Aug. 10 (Bloomberg) -- Ethanol production would fall if corn prices were to reach and stay above $10 a bushel, justifying the U.S. Agriculture Department’s estimates, Morgan Stanley said.
The department today reduced its forecast for corn used for ethanol by 8.2 percent to 4.5 billion bushels from a July estimate, because of record corn prices caused by the worst U.S. drought since the Eisenhower administration.
“The USDA’s 400 million-bushel month-over-month cut to ethanol demand is surprisingly large, however, and we contend that ethanol demand rationing of that magnitude will need sustained corn prices above $10 a bushel,” Morgan Stanley analysts including Hussein Allidina and Bennett Meier wrote in an e-mailed report today.
Denatured ethanol for September delivery fell 0.1 cent to $2.625 a gallon at 12:16 p.m. on the Chicago Board of Trade. Prices have gained 19 percent this year.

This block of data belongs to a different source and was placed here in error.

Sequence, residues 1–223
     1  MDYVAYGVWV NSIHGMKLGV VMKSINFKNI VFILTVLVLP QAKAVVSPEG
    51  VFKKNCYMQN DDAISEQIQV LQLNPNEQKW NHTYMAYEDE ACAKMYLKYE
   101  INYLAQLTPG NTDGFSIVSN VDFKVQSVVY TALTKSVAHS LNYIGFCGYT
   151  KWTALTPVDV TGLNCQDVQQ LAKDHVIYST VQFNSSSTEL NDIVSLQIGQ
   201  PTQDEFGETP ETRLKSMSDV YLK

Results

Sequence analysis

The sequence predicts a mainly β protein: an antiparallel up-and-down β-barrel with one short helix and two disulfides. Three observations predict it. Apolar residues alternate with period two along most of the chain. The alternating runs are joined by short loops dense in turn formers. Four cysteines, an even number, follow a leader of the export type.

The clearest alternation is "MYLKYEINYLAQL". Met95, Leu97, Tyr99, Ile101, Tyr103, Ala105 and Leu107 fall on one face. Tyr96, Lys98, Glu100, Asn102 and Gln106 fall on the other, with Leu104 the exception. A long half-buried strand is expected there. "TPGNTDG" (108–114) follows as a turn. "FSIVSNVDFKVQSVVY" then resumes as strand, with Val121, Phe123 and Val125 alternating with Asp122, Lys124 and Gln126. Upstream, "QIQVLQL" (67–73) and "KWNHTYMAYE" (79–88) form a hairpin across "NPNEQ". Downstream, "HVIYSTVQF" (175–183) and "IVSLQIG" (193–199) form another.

Corn for December delivery sank 7 cents, or 0.9 percent, to $8.1675 a bushel. Prices yesterday rose to a record $8.2375. One bushel makes at least 2.75 gallons of ethanol.
About 42 percent of the corn crop will be used for biofuel production.
Ethanol production has fallen 15 percent to 817,000 barrels a day in the week ended Aug. 3 from a record in December. Stockpiles sank 3.9 percent to 18.7 million barrels last week, the biggest decline since Dec. 9 and the lowest level since Jan. 6, Energy Department data show.
Yesterday, East Kansas Agri-Energy LLC, an ethanol producer, said it plans to stop output at its Garnett, Kansas, plant on Oct. 1, because drought in the Midwest has made the operation unprofitable.
Valero Energy Corp., the third-biggest U.S. ethanol producer, is operating its plants at about 50 percent of capacity because of the higher corn prices, Chairman and Chief Executive Officer Bill Klesse said July 31.
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